nps31C7 - Biology 05B Winter Quarter 2010 Lab 3 page 1...

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Biology 05B – Winter Quarter 2010 Lab 3 – page 1 PLANT ANATOMY Contents: Topic Page I. Introduction 1 II. External morphology 2 III. Roots 2 IV. Stems 4 V. Leaves 6 VI. Seedlings 8 A central theme in biology is that there is a close correlation between structure and function. That is to say that through the process of evolution, organisms have attained a structural organization that facilitates the various life-supporting functions that an organism must perform. This theme is particularly evident in higher plants. Among the fundamental processes performed by plants are the acquisition of water and nutrients from the soil, the translocation of these materials throughout the plant body, the photosynthetic reduction of CO 2 , and the redistribution of this photosynthate throughout the plant. As an aspiring biologist, you should already be somewhat familiar with some of the relationships between these processes and the structure of the plants around you – at least at the level of the commonly recognized plant organs (i.e. roots, stems and leaves). The soil is mined for water and nutrients by a highly branched root system. Erect stems serve as a pathway for the movement of translocated materials as well as provide a scaffolding for leaves so that they can efficiently intercept sunlight. Leaves often have a high surface to volume ratio to facilitate the gas exchange required for photosynthesis. In today’s lab we will study the relationships between the physiological phenomena mentioned above and higher plant structure in more detail. After a brief introduction to the external form of higher plants, where some of the terminology to be used later will be defined, the internal organization of the major plant organs will be examined. Before beginning, it is necessary to remind you of a portion of the hierarchy of biological structure as it applies to plants. The fundamental unit of life is the cell. Groups of cells that are specialized for a common function are called tissues. In plants, groups of tissues that work together in a more generalized common function are referred to as tissue systems. There are three of these tissue systems. They are: the dermal tissue system, which covers the plant surface; the vascular tissue system, which most often occupies the more internal parts of the plant, and the fundamental or ground tissue system which fills the space between the dermal and vascular systems. Each of the plant organs; root, stem, leaf, (and flower); contains all three tissue systems. Further, the tissue systems of each organ are continuous throughout the plant. As mentioned above, we will be looking at the anatomical organization of roots, stems, and leaves with the intent of learning how the structure of these organs correlates with two interrelated aspects of plant function: the movement of solutes and water throughout the plant and the exchange of gasses between the plant’s photosynthetic tissues and the atmosphere. What is expected is that you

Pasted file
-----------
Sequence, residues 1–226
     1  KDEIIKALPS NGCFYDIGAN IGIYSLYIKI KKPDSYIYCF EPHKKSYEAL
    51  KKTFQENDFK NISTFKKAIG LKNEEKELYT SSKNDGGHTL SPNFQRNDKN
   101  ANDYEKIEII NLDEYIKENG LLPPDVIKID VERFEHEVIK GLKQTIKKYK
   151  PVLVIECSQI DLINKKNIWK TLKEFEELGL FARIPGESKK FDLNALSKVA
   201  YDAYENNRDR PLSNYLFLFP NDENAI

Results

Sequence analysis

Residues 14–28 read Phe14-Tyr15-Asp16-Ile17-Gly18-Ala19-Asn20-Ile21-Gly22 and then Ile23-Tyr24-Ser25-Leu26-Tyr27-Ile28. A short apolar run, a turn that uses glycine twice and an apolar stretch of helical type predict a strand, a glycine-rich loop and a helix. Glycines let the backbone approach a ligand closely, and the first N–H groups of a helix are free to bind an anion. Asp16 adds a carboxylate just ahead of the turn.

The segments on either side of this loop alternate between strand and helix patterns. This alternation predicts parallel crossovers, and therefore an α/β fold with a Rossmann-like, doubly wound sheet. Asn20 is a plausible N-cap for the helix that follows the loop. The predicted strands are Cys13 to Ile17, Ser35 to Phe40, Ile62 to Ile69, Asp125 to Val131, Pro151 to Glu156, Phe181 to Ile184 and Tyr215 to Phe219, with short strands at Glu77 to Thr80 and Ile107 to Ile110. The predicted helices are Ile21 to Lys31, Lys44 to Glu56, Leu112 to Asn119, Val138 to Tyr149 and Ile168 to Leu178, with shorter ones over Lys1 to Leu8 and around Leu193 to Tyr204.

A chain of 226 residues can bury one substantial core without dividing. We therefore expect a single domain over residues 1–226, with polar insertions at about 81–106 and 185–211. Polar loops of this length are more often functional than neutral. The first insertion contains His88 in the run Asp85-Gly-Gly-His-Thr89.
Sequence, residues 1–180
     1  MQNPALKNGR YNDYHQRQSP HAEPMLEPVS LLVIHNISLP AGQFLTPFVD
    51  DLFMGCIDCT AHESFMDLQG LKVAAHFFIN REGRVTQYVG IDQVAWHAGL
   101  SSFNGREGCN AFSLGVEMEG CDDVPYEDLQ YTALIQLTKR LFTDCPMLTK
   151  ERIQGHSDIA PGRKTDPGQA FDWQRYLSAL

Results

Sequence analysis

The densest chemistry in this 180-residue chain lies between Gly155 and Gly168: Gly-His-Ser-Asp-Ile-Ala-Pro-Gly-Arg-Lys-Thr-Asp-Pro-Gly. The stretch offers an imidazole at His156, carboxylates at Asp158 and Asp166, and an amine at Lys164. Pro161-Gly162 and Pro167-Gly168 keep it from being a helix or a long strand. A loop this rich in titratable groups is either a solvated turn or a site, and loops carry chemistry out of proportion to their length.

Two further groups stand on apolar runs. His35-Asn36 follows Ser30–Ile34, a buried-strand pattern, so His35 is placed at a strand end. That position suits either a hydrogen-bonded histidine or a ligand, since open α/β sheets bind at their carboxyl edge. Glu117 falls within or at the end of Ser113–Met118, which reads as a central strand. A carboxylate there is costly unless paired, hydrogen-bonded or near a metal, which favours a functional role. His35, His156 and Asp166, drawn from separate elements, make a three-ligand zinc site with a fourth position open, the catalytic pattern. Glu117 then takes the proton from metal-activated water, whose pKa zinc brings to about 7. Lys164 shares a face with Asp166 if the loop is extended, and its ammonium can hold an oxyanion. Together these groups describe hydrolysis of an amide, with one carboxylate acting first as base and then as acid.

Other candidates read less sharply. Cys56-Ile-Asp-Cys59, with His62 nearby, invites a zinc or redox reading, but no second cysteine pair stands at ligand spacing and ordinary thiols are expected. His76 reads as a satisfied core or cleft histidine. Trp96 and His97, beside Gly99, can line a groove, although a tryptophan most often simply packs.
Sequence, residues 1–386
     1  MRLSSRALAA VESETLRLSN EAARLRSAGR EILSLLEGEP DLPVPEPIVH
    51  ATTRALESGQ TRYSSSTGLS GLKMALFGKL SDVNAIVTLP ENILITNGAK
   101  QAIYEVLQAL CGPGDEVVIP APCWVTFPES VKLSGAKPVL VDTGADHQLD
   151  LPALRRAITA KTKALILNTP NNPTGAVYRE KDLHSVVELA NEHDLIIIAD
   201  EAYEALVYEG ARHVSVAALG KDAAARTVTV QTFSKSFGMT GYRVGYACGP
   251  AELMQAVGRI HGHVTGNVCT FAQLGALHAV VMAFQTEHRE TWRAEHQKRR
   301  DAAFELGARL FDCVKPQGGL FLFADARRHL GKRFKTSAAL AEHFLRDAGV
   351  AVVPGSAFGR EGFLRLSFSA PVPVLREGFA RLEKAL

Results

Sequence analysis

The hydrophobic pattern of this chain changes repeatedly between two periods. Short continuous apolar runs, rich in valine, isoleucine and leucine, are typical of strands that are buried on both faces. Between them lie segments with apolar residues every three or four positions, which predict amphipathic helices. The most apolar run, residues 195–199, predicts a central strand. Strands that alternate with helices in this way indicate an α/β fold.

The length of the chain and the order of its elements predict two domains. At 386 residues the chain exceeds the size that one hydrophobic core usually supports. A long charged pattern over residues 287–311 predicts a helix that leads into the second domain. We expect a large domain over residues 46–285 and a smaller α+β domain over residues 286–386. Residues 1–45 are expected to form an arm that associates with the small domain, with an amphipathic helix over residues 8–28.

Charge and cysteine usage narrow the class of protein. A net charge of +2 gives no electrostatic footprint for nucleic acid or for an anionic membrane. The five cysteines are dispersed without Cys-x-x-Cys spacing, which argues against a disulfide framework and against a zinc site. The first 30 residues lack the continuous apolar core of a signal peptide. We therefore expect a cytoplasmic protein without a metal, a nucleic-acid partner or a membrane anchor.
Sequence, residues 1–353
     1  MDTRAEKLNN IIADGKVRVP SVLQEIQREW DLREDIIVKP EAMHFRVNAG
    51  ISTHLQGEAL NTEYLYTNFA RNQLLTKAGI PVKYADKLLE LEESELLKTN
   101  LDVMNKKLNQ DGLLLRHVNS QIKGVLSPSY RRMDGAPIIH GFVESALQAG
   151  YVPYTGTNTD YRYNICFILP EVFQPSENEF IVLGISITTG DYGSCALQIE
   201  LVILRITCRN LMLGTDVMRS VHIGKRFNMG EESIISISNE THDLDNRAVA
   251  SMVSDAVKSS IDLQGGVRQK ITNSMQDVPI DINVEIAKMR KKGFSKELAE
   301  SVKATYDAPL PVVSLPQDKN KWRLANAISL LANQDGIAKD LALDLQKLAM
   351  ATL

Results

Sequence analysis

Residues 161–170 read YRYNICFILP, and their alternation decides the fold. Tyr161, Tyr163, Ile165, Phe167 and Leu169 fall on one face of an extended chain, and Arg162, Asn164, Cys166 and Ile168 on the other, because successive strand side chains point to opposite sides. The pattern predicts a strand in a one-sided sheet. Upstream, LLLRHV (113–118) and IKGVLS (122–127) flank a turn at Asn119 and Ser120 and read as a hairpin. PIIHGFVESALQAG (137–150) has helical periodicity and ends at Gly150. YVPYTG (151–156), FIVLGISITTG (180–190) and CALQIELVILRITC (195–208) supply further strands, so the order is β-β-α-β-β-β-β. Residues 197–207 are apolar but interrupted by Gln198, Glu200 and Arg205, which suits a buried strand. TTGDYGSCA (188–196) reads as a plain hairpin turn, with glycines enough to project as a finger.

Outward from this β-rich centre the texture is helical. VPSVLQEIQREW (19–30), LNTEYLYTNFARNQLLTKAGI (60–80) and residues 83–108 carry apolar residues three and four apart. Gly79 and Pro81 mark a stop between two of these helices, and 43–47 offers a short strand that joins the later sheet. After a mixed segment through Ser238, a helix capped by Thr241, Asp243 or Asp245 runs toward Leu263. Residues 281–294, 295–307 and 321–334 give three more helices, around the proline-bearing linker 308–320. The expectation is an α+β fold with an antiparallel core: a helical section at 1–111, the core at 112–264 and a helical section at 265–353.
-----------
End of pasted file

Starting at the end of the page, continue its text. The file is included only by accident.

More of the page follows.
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This note was uploaded on 04/03/2010 for the course BIO Bio 5b taught by Professor Chappel/douhan during the Winter '10 term at UC Riverside.

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nps31C7 - Biology 05B Winter Quarter 2010 Lab 3 page 1...

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